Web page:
That’s perhaps unfair to Dunne who seems intent on pushing things as far as he can within the current laws (especially with medicinal cannabis) that National seem to have no intention of allowing and relaxation.

Parliament is at least listening on euthanasia, but whether this will lead to taking a serious look at reform is yet to be seen.

In the meantime people, like the desperately ill former trade union leader Helen Kelly, puffs away on black market weed while the cops rightly turn a blind eye.

And while they’re puffing their way to a less painful death, the politicians are at the moment hearing submissions on whether the desperately ill should be allowed to end it all through assisted suicide.

The death last year of Wellington lawyer Lecretia Seales who was suffering from brain cancer, just after a High Court denied her plea for an assisted death because it was a matter for Parliament to decide, wasn’t in vain.

An inquiry into euthanasia’s underway but don’t hold your breath that it’ll lead to change, again because the power wrests in the hands of too few.

Even though John Key supported the last Parliamentary ballot on the issue 13 years ago, which was lost by just two votes, he’s not willing to promote a Government bill on the topic to allow MPs to exercise their consciences.

Labour’s on the same side with Little instructing one of his MP’s voluntary euthanasia bill to be dropped musing it was about “choosing the controversies that are best for us at this point in time.”

So the two major parties are not willing to step up on considering social reform that is very important to many people.

Now it would seem the only hope for those who want the right to die with dignity, at a time of their own choosing, is ACT’s David Seymour’s bill which is sitting gathering dust, waiting to be drawn from a ballot, which of course may never happen.

The terminally ill would argue it’s not a question of when they die, it’s how they die. But at the moment those who have the power to possibly make it easier for them have other more important issues, like the plain packaging of cigarettes, to deal with.

And whether airports have to advertise lost property in newspapers or not. That was a National MP’s bill drawn from the Members’ ballot while Seymour’s somewhat more important Dying With Dignity bill gets nowhere.

Social reform can be very contentious but there needs to be a better way of a dealing with important social issues without them being swept under the parliamentary carpet by gutless, self interested politicians.

It doesn’t mean social reforms will happen, that should depend on proper inquiry and majority public approval, but they should at least be given a decent chance.

Mateparae to be High Commissioner?

Current Governor General Jerry Mateparae is tipped to be appointed as New Zealand’s next High Commissioner in London, replacing Lockwood Smith.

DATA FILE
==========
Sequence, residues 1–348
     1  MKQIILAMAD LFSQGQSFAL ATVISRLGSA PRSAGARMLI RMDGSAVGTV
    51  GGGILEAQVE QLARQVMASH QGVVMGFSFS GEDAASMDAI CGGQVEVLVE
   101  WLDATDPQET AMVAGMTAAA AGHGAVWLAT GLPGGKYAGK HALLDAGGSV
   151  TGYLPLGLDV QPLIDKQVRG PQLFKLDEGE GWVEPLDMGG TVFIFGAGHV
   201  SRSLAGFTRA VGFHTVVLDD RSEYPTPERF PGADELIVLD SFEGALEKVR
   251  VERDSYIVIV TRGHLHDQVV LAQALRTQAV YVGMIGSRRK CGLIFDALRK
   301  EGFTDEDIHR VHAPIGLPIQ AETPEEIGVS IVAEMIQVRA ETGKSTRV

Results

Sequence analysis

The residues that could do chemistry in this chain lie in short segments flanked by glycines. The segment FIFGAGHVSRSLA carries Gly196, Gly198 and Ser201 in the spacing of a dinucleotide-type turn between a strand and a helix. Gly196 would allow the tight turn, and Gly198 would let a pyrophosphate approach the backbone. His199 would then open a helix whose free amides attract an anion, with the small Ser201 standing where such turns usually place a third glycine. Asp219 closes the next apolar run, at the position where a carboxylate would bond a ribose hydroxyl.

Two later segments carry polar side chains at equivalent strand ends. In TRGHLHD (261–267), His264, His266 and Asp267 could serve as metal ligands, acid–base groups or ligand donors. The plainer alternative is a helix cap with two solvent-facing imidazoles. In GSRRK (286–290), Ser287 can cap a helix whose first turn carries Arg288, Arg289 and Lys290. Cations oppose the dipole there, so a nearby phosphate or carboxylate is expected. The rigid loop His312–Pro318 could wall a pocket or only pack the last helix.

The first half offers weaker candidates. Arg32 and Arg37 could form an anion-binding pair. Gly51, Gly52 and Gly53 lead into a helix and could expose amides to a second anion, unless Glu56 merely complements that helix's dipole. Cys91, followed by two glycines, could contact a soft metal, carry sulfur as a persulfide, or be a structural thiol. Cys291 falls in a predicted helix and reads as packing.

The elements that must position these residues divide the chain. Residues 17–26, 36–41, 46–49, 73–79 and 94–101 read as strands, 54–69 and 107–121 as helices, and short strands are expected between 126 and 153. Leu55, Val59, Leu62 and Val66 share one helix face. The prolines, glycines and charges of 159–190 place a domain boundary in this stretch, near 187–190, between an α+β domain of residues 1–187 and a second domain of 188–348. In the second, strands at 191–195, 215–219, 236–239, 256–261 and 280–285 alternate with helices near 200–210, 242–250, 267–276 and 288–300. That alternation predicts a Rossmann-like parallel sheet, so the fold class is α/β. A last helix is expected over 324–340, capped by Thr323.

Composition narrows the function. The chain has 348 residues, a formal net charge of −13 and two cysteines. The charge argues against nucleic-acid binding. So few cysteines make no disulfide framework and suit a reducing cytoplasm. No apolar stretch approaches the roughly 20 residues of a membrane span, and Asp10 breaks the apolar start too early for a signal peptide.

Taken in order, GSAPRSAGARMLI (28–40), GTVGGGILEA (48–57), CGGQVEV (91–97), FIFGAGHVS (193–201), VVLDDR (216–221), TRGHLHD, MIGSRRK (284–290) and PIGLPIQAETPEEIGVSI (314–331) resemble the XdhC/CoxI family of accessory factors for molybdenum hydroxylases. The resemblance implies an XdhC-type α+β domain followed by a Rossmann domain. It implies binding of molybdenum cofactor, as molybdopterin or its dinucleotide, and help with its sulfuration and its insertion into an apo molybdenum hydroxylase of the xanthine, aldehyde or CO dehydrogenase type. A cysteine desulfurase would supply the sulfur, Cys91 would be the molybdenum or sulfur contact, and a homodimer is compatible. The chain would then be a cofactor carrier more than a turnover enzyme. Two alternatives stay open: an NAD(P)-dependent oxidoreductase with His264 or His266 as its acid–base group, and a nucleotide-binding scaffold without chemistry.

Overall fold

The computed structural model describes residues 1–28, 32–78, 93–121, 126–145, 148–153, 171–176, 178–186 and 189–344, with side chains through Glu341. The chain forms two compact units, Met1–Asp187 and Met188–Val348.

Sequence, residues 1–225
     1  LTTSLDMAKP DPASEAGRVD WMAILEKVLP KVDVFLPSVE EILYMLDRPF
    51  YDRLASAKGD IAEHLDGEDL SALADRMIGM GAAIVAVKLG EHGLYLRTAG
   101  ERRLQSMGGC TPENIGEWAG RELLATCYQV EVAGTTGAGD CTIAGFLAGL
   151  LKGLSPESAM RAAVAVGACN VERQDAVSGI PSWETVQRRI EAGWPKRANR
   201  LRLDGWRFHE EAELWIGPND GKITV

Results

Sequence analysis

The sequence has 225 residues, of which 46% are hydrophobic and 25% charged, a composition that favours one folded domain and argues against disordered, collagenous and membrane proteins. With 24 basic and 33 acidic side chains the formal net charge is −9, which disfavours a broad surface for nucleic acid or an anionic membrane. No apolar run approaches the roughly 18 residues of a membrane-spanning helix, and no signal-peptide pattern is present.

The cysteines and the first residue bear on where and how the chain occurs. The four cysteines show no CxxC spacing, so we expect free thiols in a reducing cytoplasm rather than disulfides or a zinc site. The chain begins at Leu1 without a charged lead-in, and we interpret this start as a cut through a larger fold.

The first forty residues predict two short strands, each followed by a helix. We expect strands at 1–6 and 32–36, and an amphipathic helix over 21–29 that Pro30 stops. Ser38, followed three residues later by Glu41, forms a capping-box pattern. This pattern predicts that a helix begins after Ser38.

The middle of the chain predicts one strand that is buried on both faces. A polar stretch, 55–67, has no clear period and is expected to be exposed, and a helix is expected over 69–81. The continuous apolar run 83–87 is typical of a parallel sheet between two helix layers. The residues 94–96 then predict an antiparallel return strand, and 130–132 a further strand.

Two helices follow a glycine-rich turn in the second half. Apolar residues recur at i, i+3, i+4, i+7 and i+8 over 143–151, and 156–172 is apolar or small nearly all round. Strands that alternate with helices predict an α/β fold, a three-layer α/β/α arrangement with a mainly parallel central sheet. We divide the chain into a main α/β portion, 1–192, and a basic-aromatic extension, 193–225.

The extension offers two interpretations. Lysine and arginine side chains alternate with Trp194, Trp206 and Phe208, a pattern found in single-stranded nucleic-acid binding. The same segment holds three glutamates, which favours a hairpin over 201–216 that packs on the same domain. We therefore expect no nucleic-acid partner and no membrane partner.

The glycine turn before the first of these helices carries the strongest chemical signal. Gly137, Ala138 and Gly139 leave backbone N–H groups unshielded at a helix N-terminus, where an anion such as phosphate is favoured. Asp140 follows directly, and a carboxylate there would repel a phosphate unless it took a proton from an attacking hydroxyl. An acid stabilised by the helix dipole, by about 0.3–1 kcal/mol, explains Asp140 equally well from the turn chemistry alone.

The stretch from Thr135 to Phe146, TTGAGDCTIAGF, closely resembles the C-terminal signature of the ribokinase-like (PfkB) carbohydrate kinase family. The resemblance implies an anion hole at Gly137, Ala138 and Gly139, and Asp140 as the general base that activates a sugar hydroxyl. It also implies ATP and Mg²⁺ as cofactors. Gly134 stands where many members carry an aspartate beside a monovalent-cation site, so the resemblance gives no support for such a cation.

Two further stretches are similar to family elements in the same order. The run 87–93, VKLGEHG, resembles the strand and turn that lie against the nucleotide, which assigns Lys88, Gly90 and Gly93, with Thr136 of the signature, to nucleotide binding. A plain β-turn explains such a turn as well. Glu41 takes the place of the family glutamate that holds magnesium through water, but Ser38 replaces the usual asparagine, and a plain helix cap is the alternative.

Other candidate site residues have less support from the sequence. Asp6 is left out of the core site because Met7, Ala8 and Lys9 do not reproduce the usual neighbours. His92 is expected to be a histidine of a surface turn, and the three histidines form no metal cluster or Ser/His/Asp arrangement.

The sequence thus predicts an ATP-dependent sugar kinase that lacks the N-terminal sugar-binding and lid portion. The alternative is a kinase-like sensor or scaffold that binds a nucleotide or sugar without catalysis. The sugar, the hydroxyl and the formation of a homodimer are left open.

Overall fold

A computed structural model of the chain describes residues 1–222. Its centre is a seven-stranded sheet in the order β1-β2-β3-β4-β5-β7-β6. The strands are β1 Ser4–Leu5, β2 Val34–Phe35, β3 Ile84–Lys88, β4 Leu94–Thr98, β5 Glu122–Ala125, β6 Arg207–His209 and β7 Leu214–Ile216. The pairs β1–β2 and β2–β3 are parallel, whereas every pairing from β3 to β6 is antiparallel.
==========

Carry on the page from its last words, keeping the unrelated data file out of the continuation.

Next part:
Barry Soper at Newstalk ZB:

Exclusive: Sir Jerry Mateparae expected to be named as next High Commissioner to London

The Government is expected to appoint the Governor General Sir Jerry Mateparae as our next High Commissioner to London.

Newstalk ZB understands talks have been held with Sir Jerry about the job and he’s expressed an interest.

That’s fairly non-definitive language but presumably Soper has a good source for naming Mateparae for the role.

Sir Jerry was a popular choice from across the political spectrum when he was announced as Governor-General back in 2011.

The 61-year-old has expressed an interest in doing something after leaving Government House in August after a five-year term, and John Key says this is an opportunity to take the London role out of the political arena where incumbents have been drawn from in the past.

The current incumbent, former speaker Sir Lockwood Smith’s term finishes in London later this year.

Did Winston Peters know about this? If so his swipe at David Carter over the role could be seen as somewhat devious.

The timing of this leak is likely to have been prompted by Peters’ grandstanding.

Key on The Edge, or over it

There’s been a lot of criticism of John Key performing on radio at The Edge.

Key endears himself to many with his ordinary blokishness. But he sometimes goes over the edge, as he seems to have allowing himself to be drawn into ponytail banter and what is alleged to be joking about prison rape.

Claire Trevett: John Key’s good-sport shtick becomes uncomfortable

Prime Minister John Key’s good bloke routine has worked for him for seven years straight, helping foster the image of him as a good egg, a bit of a joker, a good sport.

Key has made his informal interview slots on commercial radio a major part of his media strategy. Politically, it is is a good tactic. Commercial radio reaches people who don’t give a poop about the more serious side of politics. Key knows that and plays to his audience accordingly.

The problem is his audience inevitably ends up being a lot wider than the one he originally plays to. It gets on social media and news sites.

It is usually harmless fun, however much his opponents might bridle at it. Some of us have even egged him on in such antics.